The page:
9. Not sure why so many people think a police department takes a brand new freshly trained PPL/CPL and turns him or her loose in a multimillion dollar aircraft. I have been in airborne LE for a long time and have never seen an agency do this. A newbie LE pilot will typically be assigned to fly with an air unit CFI for quite some time before ever being turned loose without a second qualified pilot sitting at a second set of controls. Most airborne LE CFI's have thousands upon thousands of hours of very demanding time behind the controls. As I'm sure you can imagine LE is a very unique job, especially when attempting to utilize an aircraft to do the job. It is very difficult if not impossible to get a non LE experienced pilot to think like a cop. This requires much more verbal communication between pilot and TFO/observer which severely complicates CRM and IMO makes things much more dangerous at low levels, etc etc you mentioned above. When there is a LE experienced pilot along with the LE TFO/observer often times they can do some serious work without very much verbal communication between the two of them all the while maintaining solid CRM. So it is much easier to take a solid policeman and train him to be a pilot, than it is to take a pilot and try to get him to think like a policeman. My agency trains from the ground up, but not before a person has not only been an officer for approx ten years, but has proven to be a solid policeman. They have to work part time as a TFO for a long time to make sure they can do the job (keep in mind the TFO job is much more difficult than flying the aircraft), as well as fit in well with the people already in the air unit. And yes we have cops who already have ratings, however they have no chance at getting in to the air unit for a variety of reasons. Recently we had an already rated helicopter pilot start the part time TFO position. This guy is a solid policeman, has a PPL-H, and plays well with his coworkers. About two hours into his first shift as TFO the pilot had to drop him off because he got airsickness and threw up in the aircraft. He just couldn't handle the turns, operating the camera, binoculars, etc etc. To give him the benefit of the doubt he was given two more opportunities to try it out and even though he didn't throw up he asked the pilot to land before he did. Unfortunately he doesn't have a chance at getting in. The cost to train people to fly is expensive but keep in mind a lot of these air units are very uniquely funded. State or federal grants is one way. Another way and my favorite is through asset forfeiture where the seized assets of a drug dealer buys us brand new aircraft, equipment, and training so there is no out of pocket expense to the agency itself.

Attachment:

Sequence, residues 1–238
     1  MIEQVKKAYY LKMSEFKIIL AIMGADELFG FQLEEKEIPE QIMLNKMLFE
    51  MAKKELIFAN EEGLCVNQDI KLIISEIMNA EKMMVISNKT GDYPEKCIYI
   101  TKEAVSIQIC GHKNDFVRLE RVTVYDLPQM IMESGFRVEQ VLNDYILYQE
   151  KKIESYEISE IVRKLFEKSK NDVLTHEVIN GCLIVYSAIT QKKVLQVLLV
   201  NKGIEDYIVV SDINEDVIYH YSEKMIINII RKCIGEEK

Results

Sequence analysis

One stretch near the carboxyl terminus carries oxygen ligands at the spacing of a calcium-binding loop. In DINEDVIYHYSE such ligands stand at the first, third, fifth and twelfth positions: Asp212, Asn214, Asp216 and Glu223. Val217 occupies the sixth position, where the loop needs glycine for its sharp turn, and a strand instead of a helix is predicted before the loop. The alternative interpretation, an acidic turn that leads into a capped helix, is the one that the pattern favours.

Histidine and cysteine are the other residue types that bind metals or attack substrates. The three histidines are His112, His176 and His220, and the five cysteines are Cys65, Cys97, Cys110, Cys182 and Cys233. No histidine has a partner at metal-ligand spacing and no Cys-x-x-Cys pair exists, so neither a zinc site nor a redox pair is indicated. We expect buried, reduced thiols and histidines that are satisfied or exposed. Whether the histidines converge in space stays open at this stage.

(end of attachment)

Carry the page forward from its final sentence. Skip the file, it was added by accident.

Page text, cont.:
10. I did several ratings with them. My experience was that LAH is a great school. Good location, busy airport for good experience, lots of aircraft available, good maintenance, knowledgeable and friendly instructors, as well as an instrument equipped R22 to save money vs a 44. I highly recommend LA Helicopters.
  11. I think a lot of these EMS jobs are open because........ There aren't any pilots willing to live within the distance perameter the company places on the location. Seems like many of the locations are very rural and/or undesireable. The base has a high turnover rate because there are personnel issues at the base. The starting pay the companies offer potential pilots is too low for them to survive, especially if they have a family to support. etc, etc. I'm sure others will chime in with other things.